The warmth in her voice seemed to leave him cowed. Oliver raised his hand in a pacifying gesture.

“I can’t read your mind, Freddy,” he said slowly. “And I’m willing to take your word for it. But you should be honest with yourself. Have you ever really thought about this--”

“Of course I have!”

“Have you ever really taken the time to examine your feelings on the matter?”

Freddy bit her tongue. “Yes. I can’t see why he would be attracted to me in the first place.”

“That’s different.” Oliver shook his head. “You’re thinking about him, not yourself.”

“I…” she began, but fell silent. “I…”

“I thought so,” Oliver responded, then dropped the subject entirely.
 

 





The next morning, Freddy had time enough to herself to think over her meeting with Crane, and Oliver’s subsequent observations. Her friend had gone off sometime after breakfast to get some lab work done, and she was glad, for once, to be left alone by him.

Although she had tried to make it clear that she wasn’t offended by his nosiness, Freddy did feel the need to get away from Oliver for a while. He had given her many things to think about, and she was determined to have everything sorted out in her mind by lunch time. The whole matter, she thought,, was unbelievably stupid. Oliver had certainly been right about that. Life wasn’t a game anymore, and she couldn’t defer her awkward situation with Crane to be resolved in the hazy, indefinite future. Freddy had come too close to death to not seize an opportunity to give herself peace of mind in the present. She would decide, once and for all, just how she felt about Crane’s advances, and be done with the issue.

Old habits, however, were the absolute worst kind of lichen, growing onto the living, and ceasing to quit even their gravestones.

While Freddy intended to put things right in her mind, she found herself distracted by the obvious comforts of a pleasant day. Taking herself out onto one of the solarium porches (and trying her best to ignore the crowds) she sat for a time in the sun, putting the finishing touches on her article on Haitian hoodoo. She had a publisher lined up, and was looking forward to seeing her name in print once more. And, of course, there was the added bonus of proving that she was still alive and well to her esteemed colleagues in the field of International Magic.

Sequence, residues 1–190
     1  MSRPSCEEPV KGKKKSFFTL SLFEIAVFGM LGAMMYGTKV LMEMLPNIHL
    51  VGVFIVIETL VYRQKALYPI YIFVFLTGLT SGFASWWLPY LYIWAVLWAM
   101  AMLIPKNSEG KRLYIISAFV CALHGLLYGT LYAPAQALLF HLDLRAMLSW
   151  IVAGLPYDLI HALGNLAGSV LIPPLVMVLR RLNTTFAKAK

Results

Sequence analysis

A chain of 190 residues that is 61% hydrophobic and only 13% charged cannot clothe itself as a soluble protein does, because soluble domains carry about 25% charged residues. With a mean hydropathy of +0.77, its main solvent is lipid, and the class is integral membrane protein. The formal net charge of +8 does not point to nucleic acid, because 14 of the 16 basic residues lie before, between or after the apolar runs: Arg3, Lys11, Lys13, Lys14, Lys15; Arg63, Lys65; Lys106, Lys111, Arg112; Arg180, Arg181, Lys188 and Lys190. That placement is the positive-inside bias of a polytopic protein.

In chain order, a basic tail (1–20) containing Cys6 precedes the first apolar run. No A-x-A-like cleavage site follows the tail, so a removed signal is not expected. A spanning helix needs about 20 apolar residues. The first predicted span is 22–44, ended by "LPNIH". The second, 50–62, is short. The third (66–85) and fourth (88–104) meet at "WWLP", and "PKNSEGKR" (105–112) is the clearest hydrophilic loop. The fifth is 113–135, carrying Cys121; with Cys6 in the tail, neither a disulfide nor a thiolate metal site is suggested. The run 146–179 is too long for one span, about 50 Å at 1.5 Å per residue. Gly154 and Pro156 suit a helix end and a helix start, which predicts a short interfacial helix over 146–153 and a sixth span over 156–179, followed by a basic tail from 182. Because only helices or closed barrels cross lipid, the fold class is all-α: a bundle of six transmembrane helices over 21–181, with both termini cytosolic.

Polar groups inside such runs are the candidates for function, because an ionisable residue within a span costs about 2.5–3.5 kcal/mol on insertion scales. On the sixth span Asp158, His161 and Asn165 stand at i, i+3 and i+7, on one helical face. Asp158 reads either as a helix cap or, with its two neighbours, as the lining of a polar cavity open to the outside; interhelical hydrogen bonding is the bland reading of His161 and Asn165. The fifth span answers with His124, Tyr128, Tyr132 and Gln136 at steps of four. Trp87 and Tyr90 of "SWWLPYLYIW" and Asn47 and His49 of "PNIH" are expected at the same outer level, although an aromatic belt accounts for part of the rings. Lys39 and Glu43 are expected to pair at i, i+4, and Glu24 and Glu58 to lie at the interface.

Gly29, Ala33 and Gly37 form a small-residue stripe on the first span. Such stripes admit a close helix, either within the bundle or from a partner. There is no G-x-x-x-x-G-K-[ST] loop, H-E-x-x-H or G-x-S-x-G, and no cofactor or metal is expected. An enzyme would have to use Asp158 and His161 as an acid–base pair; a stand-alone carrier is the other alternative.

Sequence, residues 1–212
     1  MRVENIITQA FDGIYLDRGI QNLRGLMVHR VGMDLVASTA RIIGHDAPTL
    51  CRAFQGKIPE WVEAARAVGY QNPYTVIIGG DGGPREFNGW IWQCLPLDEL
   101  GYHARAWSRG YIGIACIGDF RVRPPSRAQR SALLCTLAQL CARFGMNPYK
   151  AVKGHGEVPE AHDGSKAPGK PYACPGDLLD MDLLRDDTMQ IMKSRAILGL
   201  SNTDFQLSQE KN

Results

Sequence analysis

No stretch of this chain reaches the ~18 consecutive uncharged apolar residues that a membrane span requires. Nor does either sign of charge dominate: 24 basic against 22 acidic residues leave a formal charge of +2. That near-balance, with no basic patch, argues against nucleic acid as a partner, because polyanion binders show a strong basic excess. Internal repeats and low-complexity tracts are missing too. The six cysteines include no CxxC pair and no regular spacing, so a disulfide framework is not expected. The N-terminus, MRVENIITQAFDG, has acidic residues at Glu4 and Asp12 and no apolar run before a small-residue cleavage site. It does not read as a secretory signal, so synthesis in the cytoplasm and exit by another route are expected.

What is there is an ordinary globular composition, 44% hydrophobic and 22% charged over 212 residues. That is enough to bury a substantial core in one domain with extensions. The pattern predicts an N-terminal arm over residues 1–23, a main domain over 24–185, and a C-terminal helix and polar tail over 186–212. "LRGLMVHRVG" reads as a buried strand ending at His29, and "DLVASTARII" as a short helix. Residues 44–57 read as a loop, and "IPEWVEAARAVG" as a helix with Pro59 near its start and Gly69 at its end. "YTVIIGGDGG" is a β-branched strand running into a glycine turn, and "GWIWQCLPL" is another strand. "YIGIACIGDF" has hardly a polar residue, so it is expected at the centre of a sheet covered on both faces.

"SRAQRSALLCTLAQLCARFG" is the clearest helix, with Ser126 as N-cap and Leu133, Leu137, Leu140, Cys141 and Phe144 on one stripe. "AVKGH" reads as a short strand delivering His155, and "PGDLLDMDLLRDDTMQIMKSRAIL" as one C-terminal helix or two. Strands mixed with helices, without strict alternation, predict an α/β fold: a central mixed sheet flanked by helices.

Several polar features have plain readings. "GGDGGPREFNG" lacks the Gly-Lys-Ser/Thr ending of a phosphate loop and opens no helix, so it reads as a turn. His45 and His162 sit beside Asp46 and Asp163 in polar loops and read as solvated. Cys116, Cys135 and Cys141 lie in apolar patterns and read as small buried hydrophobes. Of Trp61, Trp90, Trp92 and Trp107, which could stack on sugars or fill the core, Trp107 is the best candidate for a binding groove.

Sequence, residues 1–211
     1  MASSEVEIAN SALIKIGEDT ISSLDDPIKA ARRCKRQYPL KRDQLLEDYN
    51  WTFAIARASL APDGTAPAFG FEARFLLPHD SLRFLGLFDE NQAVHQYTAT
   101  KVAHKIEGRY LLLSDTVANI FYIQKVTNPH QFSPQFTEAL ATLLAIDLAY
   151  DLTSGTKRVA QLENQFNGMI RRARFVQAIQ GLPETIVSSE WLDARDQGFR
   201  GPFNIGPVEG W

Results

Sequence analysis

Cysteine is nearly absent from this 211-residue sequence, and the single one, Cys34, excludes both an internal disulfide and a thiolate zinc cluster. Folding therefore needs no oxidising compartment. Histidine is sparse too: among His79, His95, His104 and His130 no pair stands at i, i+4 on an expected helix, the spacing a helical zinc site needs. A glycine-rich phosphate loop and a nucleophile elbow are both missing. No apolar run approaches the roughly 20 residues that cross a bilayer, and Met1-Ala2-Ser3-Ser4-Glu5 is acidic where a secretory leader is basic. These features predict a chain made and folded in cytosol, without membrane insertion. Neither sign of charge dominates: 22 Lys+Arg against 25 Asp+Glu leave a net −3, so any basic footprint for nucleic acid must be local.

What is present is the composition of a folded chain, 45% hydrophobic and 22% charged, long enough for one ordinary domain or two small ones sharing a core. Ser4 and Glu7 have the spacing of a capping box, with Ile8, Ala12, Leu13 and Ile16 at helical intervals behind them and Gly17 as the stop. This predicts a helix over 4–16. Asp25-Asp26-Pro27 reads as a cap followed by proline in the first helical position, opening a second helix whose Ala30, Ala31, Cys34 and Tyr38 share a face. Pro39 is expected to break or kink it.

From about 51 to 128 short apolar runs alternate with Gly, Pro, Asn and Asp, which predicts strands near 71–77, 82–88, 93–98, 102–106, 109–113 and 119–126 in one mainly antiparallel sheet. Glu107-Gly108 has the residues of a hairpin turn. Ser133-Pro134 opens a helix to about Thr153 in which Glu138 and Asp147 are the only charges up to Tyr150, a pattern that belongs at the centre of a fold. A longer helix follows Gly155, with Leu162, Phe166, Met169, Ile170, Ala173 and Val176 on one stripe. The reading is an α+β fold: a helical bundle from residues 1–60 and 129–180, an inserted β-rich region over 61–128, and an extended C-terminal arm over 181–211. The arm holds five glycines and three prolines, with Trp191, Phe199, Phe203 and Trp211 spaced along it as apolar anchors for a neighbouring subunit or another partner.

She’d been at her work for a while, completely forgetting her original purpose, when a long shadow fell across her lap.

“You’re working again! I should say that’s a good sign.”

Minerva McGonagall sidled through the narrow space between Freddy’s chair and the occupied one on her right, her natural, feline grace still bearing up well under age.

“Professor!” Excitement drove Freddy to her feet, not sense. In the cramped quarters, she knocked knees with the Deputy Headmistress, and nearly upset her inkwell. “I wasn’t expecting you, but this is a wonderful surprise! Everything’s all right, I hope?”

“Hmm.” McGonagall arched an eyebrow, one steady hand unfastening the cloak clasp by her throat. “Morbid, Forbia, you are still morbid. Must you always leap to the wrong conclusion?”

“Sorry.” Freddy smiled bashfully even as she tried to gather up her papers. “I’m not one to look a gift horse in the mouth, certainly not these days. I’m so happy to see you!”

“You look exceedingly well,” the old professor stated. But then she paused, glanced around the crowded porch, and found the eyes of no less than five other patients fastened on her. “Can we go indoors? The sun is beastly and there’s no awning to give shade.”

“Of course.” Freddy, playing the hostess as best she could in such a place, led McGonagall inside the solarium where they easily found a pair of chairs in a discreet corner by the bookcase.

“You received my last letter,” Freddy prattled on eagerly as they settled themselves. “I’m going to have another article published. Here, it’s right here!” She fumbled with the papers for a moment before finding the right one and handing it to the professor. “You can read it, if you like. It’s about Haitian hoodoo. I think I might like it, but to be honest, I’m getting sick of hoodoo. I think it’s time I tried something on the Continent…or maybe even Canada. Do you think the students would be receptive to Canada, or is it too much like England?”

“My word!” McGonagall pushed her spectacles up her nose and glanced at the papers briefly. “You are feeling better. The summer air has taken the pallor from your cheeks and given you a bonny blush.”

“Bonny,” Freddy repeated, making sure to emphasize her Scottish lilt. “I haven’t been called bonny in quite some time.”

But then she remembered Crane and her gut twisted.

McGonagall, however, was too busy perusing the papers to notice her consternation.

“But this is all superficial,” she said after a moment of silent reading. “What do the healers say of your health? Have you improved?”

“Mmm.” Freddy folded her hands together, feeling giddy. “The hole in my right lung has shrunk…it’s almost gone. And they think my next sputum test might be negative. I need three negative tests before I can be released. Keep your fingers crossed! Maybe I can get out in time for the second half of the fall semester.”

McGonagall hesitated, her lips pursing. “You might be rushing things.”

“I want to go back to teaching.”

“You will, you will. But shouldn’t you have some more time to recover? We weren’t expecting you back for another year, at least.”